DPOE Training Topics
Illustration of the DPOE Training Topics

The first webinar covered identification of digital content to be considered (the Identify module), and selection from this for preservation (Select module).  The second webinar addressed how and what to store (the Store module), and considerations for protection of one’s content (Protect module).  The final webinar covered management issues (Manage module) and providing continued access to materials over time (Provide module).   John Burger was kind enough to open up this series of webinars to anyone, anywhere, free of charge.  I sent out some last-minute announcements, and it was posted on the Library of Congress site;  we were astonished at the response.  Attendance broke all the ASERL webinar records, by far.  272 people signed up for the first one, 322 for the second, and 311 for the third; some attendees were from overseas, and the range of represented institutions was phenomenal.  Many people contacted me saying they didn’t see the postings in time and missed the first one, asking if it was recorded.  Actually, the recording on the first webinar failed, so John kindly let me re-record that presentation.  All of these webinars are archived and freely available, on the ASERL website.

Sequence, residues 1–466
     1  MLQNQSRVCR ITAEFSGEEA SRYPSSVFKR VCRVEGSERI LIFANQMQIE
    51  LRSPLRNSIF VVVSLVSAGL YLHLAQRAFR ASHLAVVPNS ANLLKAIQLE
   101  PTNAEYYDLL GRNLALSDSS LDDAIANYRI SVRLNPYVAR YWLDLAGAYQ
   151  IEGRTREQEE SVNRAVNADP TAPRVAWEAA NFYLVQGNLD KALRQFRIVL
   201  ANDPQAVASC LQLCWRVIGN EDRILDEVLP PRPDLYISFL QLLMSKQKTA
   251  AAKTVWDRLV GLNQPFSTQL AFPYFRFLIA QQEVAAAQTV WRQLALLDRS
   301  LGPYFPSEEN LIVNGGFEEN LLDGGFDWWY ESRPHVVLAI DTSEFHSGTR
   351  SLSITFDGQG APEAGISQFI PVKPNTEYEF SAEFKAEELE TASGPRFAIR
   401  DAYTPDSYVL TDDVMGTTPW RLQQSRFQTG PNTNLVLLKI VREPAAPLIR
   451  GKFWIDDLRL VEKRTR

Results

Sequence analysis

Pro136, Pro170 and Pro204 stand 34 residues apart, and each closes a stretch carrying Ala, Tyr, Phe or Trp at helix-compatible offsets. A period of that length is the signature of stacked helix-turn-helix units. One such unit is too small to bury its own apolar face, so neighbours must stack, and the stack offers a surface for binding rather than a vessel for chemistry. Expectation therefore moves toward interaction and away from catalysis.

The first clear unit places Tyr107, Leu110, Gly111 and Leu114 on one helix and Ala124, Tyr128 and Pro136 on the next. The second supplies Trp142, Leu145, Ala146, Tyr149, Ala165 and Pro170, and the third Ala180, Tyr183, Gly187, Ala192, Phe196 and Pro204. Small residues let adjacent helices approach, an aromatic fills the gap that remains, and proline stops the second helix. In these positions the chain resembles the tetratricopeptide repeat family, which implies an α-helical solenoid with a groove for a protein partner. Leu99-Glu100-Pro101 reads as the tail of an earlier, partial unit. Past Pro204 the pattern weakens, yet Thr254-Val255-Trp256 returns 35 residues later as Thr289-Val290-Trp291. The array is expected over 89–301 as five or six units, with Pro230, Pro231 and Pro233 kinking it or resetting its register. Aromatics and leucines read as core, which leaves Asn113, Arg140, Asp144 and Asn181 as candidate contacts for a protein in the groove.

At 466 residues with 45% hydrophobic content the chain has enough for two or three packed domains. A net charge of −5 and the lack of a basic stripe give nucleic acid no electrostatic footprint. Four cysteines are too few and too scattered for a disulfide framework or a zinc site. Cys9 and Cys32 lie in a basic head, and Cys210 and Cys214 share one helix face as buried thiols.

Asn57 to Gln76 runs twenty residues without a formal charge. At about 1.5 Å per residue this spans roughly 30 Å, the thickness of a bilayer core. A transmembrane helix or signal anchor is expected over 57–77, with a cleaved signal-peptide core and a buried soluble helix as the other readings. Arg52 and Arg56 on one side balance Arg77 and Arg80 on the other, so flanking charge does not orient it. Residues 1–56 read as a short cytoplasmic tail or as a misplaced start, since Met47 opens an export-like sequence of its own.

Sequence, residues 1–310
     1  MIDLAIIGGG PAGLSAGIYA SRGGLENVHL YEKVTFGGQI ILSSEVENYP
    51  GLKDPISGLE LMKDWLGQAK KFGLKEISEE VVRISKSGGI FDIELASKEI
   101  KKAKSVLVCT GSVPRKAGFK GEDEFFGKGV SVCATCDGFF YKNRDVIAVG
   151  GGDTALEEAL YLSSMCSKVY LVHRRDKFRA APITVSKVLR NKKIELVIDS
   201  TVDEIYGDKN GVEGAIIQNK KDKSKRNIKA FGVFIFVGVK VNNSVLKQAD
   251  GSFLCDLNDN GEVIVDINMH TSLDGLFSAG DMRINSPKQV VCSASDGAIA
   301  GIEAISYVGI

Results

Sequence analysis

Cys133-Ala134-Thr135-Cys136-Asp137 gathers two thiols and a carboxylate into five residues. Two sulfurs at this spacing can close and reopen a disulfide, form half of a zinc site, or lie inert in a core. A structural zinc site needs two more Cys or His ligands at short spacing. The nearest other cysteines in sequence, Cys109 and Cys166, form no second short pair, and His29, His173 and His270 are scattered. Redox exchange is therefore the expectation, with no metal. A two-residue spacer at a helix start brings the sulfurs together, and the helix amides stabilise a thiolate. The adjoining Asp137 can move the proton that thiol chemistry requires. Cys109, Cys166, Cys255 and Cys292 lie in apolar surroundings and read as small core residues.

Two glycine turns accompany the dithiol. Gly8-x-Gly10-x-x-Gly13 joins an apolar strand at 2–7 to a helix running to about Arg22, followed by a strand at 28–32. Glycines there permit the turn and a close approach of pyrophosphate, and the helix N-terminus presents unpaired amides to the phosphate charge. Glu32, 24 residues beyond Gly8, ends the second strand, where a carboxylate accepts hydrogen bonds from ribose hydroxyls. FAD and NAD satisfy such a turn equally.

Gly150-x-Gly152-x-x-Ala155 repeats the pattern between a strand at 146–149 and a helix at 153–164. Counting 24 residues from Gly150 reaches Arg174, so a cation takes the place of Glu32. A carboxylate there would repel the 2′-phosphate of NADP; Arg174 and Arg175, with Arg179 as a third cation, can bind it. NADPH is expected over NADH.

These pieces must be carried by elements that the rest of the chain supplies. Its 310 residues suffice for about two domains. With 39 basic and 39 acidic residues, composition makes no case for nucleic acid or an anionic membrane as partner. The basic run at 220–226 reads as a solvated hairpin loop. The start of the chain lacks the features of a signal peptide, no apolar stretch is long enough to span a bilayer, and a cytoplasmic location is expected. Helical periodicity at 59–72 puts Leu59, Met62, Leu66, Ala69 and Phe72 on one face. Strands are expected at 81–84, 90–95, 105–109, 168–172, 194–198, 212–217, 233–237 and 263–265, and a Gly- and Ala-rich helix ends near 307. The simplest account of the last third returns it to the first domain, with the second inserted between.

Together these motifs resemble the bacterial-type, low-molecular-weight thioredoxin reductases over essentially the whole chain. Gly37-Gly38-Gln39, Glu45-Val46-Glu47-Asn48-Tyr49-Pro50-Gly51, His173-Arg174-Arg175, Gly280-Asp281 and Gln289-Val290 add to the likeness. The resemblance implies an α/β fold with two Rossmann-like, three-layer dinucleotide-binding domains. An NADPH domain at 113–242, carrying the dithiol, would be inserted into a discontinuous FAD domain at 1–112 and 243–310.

Heather: What did you feel was most successful about your workshops?
Jody: I made a point of breaking up the presentation with polls of the audience, and questions for them to answer;  that seemed to help engage people, and helped direct my focus.  I particularly wanted participants to apply the concepts to their own situation, and to give that some thought and make notes about how they could move forward.  It’s one thing to present theoretical guidelines, and quite another to actually apply them.  So, on the first webinar, I walked the audience through an example of how the identification and selection process could take place in Special Collections, which was the area the audience was most concerned about.  They really liked that. Taking note of what the needs of the audience are, and responding to them, makes the workshops into an interaction, a conversation and a real communication venue.

One thing really stood out from the email messages I received afterwards:  people liked how structured and organized the webinars were.  Taking a confusing and complicated issue like digital preservation and turning it into something with concrete steps and manageable tasks makes it possible for people to move forward, and I think this was the whole point behind these modules.  I was careful to revisit where we were in the series of modules at the beginning of each one, and also recapped the DPOE Baseline Principles at the end of each webinar. The combined effect was that this series was a very well organized, coherent package, and the kudos for this should go to Nancy McGovern, who designed the modules and provided feedback on the draft presentations.